For consideration in this instance is the exercise of riparian rights associated with a five foot strip of property fronting on Hackenburg Lake in LaGrange County.  After extensive review and discussion of various property conveyances and easements, the Commission determined that both the Petitioners and the Respondents are entitled to exercise riparian rights associated with the five foot length of shoreline, including the right to extend a temporary pier.  Of particular note is the Commission’s determination that the parties are required to use a common pier, as authorized at IC 14-26-2-23(e)(2)(A) and 312 IAC 11-3-4, under conditions for the construction and maintenance of the pier as prescribed by the Commission. Administrative Cause No. 14-114W

Thomas v. DNR, 14 CADDNAR 116 (2016)

Thomas sought administrative review of state park ejection issued by the DNR.  It was determined through evidence that Thomas dumped trash on Prophetstown State Park; was issued a citation for littering; and was ejected from Prophetstown State Park for one year.  The DNR’s Notice of Ejection was affirmed. Administrative Cause No. 16-008P

DNR v. Flowline Specialties, Inc., 14 CADDNAR 114 (2016)

At issue are Notices of Violation and the revocation of 29 oil and gas permits held by Flowline Specialties. 18 of the 29 permits were transferred to new ownership.  With respect to the 11 remaining notices of violation, Flowline failed to timely abate the violations and failed to seek an extension of time within which to abate the violations. Flowline had also failed to post bond as required by IC 14-37-6-1.  The remaining 11 permits are revoked, and Flowline is ordered to properly plug and abandon the wells authorized by the revoked permits as well as perform site restoration required by 312 IAC 16-5-19(c). Administrative Cause No. 13-178G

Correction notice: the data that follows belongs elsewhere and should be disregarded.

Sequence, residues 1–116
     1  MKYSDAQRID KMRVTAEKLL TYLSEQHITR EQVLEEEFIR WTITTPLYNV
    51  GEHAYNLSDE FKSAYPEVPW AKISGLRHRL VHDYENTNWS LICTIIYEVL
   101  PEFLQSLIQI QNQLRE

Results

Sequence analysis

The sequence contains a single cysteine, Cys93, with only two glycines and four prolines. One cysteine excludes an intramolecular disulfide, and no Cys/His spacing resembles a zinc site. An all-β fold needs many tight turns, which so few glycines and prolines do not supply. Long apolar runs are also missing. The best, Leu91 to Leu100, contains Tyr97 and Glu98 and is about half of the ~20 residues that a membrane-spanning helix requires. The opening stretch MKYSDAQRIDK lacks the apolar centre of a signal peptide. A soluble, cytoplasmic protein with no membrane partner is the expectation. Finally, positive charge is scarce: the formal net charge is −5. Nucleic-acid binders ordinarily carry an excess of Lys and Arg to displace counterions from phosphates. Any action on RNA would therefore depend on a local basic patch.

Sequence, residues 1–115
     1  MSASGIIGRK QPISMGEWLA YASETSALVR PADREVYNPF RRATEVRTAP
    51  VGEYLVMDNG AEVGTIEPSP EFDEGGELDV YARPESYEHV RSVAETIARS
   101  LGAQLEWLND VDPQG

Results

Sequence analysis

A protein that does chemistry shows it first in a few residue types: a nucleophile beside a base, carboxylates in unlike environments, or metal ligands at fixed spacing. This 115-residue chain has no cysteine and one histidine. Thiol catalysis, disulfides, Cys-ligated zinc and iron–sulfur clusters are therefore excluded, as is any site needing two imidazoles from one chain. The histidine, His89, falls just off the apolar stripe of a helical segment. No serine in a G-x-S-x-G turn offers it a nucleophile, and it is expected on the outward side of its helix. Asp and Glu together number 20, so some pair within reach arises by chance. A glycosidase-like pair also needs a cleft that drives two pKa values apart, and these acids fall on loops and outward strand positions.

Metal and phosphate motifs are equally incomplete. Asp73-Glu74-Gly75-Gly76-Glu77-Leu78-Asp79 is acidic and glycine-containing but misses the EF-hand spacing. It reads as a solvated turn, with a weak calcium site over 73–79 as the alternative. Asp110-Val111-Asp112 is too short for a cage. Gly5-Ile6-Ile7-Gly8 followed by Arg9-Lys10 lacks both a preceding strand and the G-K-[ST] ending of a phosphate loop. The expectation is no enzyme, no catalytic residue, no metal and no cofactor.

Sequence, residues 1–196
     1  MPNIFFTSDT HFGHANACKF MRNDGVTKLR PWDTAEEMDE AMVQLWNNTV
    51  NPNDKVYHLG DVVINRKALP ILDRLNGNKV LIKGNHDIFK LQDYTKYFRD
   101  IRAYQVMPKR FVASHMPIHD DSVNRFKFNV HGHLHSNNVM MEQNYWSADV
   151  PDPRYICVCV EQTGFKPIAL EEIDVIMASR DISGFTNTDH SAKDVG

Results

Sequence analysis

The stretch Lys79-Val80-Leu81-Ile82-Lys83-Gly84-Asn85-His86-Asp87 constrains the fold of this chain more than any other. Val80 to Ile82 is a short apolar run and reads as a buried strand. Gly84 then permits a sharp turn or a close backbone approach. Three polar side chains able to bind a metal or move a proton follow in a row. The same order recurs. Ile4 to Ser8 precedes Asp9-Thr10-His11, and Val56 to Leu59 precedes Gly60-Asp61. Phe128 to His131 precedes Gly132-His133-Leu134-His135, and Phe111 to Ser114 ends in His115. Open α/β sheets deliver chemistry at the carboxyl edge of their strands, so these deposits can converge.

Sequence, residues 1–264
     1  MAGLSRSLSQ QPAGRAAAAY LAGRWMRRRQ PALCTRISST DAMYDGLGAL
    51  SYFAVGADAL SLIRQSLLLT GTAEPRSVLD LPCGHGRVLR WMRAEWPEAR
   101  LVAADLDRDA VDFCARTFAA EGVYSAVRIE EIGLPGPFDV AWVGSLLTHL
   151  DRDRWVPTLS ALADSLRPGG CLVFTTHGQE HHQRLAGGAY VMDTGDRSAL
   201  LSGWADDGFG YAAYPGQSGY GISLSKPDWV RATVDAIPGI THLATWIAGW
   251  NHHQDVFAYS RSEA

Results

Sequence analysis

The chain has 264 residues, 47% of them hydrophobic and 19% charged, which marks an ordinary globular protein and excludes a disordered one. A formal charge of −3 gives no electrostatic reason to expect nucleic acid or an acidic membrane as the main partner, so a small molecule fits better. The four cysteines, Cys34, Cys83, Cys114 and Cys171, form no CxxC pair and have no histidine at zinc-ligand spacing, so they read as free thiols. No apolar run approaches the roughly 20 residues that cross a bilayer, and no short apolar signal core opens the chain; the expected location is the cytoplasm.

Fankhauser Holding, LLC & Sedgwick v. DNR, 14 CADDNAR 110 (2016)

For consideration, is the Department’s denial of a permit to place an 80-foot concrete seawall along the shoreline of Clear Lake. The subject shoreline is located within an “area of concern” (312 IAC 11-2-2), and any new seawall must be comprised of either glacial stone or bioengineered materials (312 IAC 11-4-2(c )).  No evidence was presented identifying concrete as the only viable method for controlling shoreline erosion. The permit denial was affirmed.  Administrative Cause No. 15-122W

Smith v. Simanton, 14 CADDNAR 103 (2016)

For consideration, is a riparian rights dispute on Hamilton Lake in Steuben County. The common riparian zone boundary lines between the parties are determined through the proration application of the Fourth Principle of Information Bulletin #56. A buffer zone of five feet must be maintained on either side of each common riparian zone boundary, and no portion of a temporary structure, including watercraft moored to the temporary structure, may be maintained within a buffer zone. Administrative Cause No. 15-070W.

Deister v. JR Realty Corp., 14 CADDNAR 97 (2016)

For consideration is a riparian rights dispute on Lake Wawasee, in Kosciusko County. JR Realty’s claims include claims as a riparian owner, a member of the public and on behalf of the public. JR Realty may not assert claims on behalf of the public. The property line between the parties is extended consistent with the Second Principle in Information Bulletin #56. A buffer zone of five feet on either side must be maintained on either side of each common riparian boundary established by the order. Administrative Cause No. 15-077W

Walthers v. DNR, 14 CADDNAR 57 (2016)

[NOTE: WALTHERS TOOK JUDICIAL REVIEW IN THE MARION SUPERIOR COURT ON MAY 16, 2016.] At issue in this proceeding is a notice of violation (NOV) issued under IC 14-27-7.5 (commonly known as the “Dam Safety Act”) to Walthers and Richards, the owners of the Forest Lake Dam.  Richards filed an Agreed Settlement and Stipulation of Dismissal; and subsequently, a Final Order of Dismissal was issued as to the Richards.  As to Walthers, the Commission affirmed the NOV and mitigation plan.  Administrative Cause No. 13-147W